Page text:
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Diversity and the Burden of Cancer

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Diversity and the Burden of Cancer David C. Momrow, M.P.H. ... Ethnicity (1992-1999) Prostate Cancer National Incidence & Mortality by Race - Ethnicity ... – PowerPoint PPT presentation

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Title: Diversity and the Burden of Cancer


1
Diversity and the Burden of Cancer
  • David C. Momrow, M.P.H.
  • Senior Vice President of Cancer Control
  • American Cancer Society Eastern Division
  • January 21, 2004

2
The only reason we exist is to reduce the burden
of cancer on the American people.
  • Its all about YOU. You are telling the story
    the slides are there to keep the room rapt in
    attention. Too much stuff can get boring.

A Few Simple Ideas to Make PowerPoint Easy
3
New York
Over 50 of New Cases and Deaths from Cancer
Occur in 4 Sites
Distribution of Cancer by Site
Incidence
Incidence
27 Prostate 16 Lung Bronchus 12
Colorectal 55
29 Breast 13 Colorectal 12 Lung
Bronchus 54
Mortality
Mortality
29 Lung Bronchus 12 Prostate 11
Colorectal 52
22 Lung Bronchus 18 Breast 12
Colorectal 52
NYS Cancer Registry, 2001
4
Defining Diversity
  • Diversity refers to any mixture of items
    characterized by differences and similarities.

5
Population of Eastern Division by Race/Ethnicity
Black or African American 15.9 13.6 Hispanic or
Latino 15.1 13.3 Asian 5.5
5.7 Total 36.5 32.6 U.S. Census Bureau,
Census 2000
6
Diversity is
Secondary Dimension
Primary Dimension
7
Chronic Diseases and Related Risk Factors Most
Common Causes of Death, U.S., 1998
National Vital Statistics Report, 1998481-10,
26
8
Chronic Diseases and Related Risk Factors Actual
Causes of Death, U.S., 1990
McGinnis JM, Foege WH, Actual causes of death in
the United States. JAMA 1993 2702207-12.
9

U.S. Department of Health and Human Services.
Tobacco Use Among U.S. Racial/Ethnic Minority
Groups A Report of the Surgeon General, 1998.
10
Life Expectancy
  • Black Males 65 Years
  • White Males 73 Years
  • Black Females 73 Years
  • White Females 78 Years

11
The Need for Strategies
  • It is well known that the cancer burden in this
    country is borne inequitably by different
    populations, particularly among minorities, the
    poor and medically underserved.
  • The current health system does not adequately
    address these disparities.
  • There is a great need for innovative strategies
    to increase cancer screening/early detection
    Early detection leads to better health outcomes,
    including prevention and cure.

12
National Incidence Mortality - All cancers by
Race - Ethnicity (1992-1999)
Per 100,000, age-adjusted to the 2000 US
standard population. ?Hispanics are not mutually
exclusive from other racial/ethnic categories.
Source American Cancer Society, Surveillance
Research, 2003
13
Lung and Bronchus Cancer National Incidence
Mortality by Race - Ethnicity (1992-1999)
14
Prostate Cancer National Incidence Mortality
by Race - Ethnicity (1992-1999)
15
Female Breast Cancer National Incidence
Mortality by Race - Ethnicity (1992-1999)
16
Colon Rectum Cancer National Incidence
Mortality by Race - Ethnicity (1992-1999)
Per 100,000, age-adjusted to the 2000 US
standard population. ?Hispanics are not mutually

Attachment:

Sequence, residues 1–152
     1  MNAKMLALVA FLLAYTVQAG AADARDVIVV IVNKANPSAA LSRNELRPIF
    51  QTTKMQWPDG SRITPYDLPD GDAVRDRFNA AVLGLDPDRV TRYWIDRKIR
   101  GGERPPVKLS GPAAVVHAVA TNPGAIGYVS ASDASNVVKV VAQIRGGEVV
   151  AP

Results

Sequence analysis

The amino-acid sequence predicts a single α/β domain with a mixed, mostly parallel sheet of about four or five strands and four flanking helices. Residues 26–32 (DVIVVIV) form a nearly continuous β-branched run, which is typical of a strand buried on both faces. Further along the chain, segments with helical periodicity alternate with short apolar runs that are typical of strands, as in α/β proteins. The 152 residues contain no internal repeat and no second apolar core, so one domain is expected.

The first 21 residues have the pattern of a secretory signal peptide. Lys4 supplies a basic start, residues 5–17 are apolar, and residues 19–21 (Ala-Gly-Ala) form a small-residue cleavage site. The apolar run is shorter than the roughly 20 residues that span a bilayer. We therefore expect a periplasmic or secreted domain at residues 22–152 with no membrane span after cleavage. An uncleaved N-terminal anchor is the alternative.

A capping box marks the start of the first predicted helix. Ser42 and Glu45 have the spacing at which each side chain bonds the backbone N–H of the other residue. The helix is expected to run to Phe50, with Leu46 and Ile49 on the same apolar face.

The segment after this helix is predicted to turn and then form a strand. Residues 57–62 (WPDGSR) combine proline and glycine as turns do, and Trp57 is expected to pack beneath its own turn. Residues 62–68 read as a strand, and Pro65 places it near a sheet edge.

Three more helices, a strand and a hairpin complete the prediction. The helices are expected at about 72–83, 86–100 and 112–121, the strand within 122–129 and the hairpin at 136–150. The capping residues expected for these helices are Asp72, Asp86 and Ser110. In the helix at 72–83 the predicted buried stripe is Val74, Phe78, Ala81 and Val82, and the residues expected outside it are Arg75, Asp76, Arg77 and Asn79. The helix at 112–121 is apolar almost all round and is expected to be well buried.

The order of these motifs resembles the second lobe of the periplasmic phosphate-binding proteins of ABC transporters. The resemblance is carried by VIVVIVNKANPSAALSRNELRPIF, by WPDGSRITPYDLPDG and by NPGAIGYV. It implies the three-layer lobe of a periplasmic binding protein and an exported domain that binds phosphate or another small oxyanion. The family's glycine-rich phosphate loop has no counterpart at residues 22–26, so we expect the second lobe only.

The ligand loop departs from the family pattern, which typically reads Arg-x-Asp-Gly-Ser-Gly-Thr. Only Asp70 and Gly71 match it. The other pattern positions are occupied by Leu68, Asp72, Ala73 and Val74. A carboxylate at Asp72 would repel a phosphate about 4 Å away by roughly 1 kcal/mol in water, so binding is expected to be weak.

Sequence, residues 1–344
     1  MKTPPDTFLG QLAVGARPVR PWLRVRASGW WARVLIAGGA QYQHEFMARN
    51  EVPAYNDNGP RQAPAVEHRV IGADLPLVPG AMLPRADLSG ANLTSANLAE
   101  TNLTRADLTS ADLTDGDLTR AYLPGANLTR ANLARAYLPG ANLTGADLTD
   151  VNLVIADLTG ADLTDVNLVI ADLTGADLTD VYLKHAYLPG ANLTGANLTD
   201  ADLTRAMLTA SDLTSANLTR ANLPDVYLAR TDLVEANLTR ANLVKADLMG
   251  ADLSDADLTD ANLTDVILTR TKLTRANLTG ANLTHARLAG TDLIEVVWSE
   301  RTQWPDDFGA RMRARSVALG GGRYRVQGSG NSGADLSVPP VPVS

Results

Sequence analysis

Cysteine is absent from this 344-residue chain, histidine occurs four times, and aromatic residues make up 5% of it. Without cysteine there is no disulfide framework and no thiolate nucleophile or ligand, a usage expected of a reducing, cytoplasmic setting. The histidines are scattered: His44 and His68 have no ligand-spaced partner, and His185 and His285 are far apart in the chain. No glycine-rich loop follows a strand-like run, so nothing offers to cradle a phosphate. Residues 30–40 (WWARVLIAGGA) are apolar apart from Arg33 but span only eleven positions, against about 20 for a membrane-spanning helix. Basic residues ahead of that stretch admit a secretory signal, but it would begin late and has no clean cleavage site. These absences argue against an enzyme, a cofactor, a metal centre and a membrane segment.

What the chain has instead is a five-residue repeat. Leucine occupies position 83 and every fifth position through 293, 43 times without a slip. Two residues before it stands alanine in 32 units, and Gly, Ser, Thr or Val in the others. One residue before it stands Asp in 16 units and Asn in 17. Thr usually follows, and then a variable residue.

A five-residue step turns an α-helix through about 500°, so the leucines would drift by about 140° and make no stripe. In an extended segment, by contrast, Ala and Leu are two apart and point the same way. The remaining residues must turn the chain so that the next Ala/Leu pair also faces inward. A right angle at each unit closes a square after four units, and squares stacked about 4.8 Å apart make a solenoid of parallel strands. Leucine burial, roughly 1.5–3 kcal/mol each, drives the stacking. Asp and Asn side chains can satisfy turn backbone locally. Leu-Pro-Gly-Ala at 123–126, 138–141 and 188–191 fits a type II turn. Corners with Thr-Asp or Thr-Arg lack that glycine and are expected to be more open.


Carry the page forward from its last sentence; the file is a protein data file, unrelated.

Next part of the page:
exclusive from other racial/ethnic categories.
Source American Cancer Society, Surveillance
Research, 2003
17
Colorectal Carcinoma by Stage of Disease Harlem
vs. SEER U.S. White
Harlem
SEER (US White)
  • Stage I 8.4 38
  • Stage II 20.8 38
  • Stage III 22.8 18
  • Stage IV 39.0 5
  • Unstaged 8.0

18
Comparison of Five-year Survival Rates for
Colorectal Cancer according to Race
  • Five-year survival rate for US whites is 62
  • Five-year survival rate for US Blacks is 52
  • Five-year survival rate for poor Blacks in Harlem
    is 20
  • Major Cause of Disparity
  • Late diagnosis at the time of initial treatment

19

Disease always occurs within a context of human
circumstances
  • Social position, economic status, culture, and
    environment are critical determinants of
  • who is born healthy,
  • who grows up healthy,
  • who sustains health throughout his or her
    life span,
  • who survives disease, and,
  • who maintains a good quality of life after
    diagnosis and treatment.

20
Colorectal Carcinoma 5-Year Relative Survival
Rate ()
Freeman, Cancer, May 1, 2002
21
Tobacco Use a cause of health disparities
  • Need strategies to target tobacco use reduction
    to specific populations
  • Need for stewardship of tobacco industry
    marketing efforts focused on specific populations

22
Obesity, Diet, and Physical Exercise
  • Need more research on how these factors impact
    health disparities
  • Develop effective interventions to encourage
    lifestyle changes that impact health disparities

23
Health Care Delivery
  • Improve the infrastructure related to health care
    systems delivery in screening, early detection,
    and treatment.
  • Provide access to treatment and other direct and
    timely services to ALL persons with a suspicious
    finding for cancer.

24
  • In every corner of the Nation, patients and
    professionals alike echo the same moral
    tenet No person in America with cancer should
    go untreated. No person in America should be
    bankrupted by a diagnosis of cancer

25
CAUSES OF HEALTH DISPARITIES
Culture
Low Economic Status/Poverty
Social Injustice
Freeman, Cancer Epidemiology Biomarkers
Prevention, April 2003
26
Acknowledgements
  • Durado Brooks, M.D., M.P.H.
  • Director, Prostate and Colorectal Cancers
  • American Cancer Society
  • Harold Freeman, M.D.
  • Medical Director, Ralph Lauren Cancer Center
  • Director, NCI Center to Reduce Cancer Health
    Disparities
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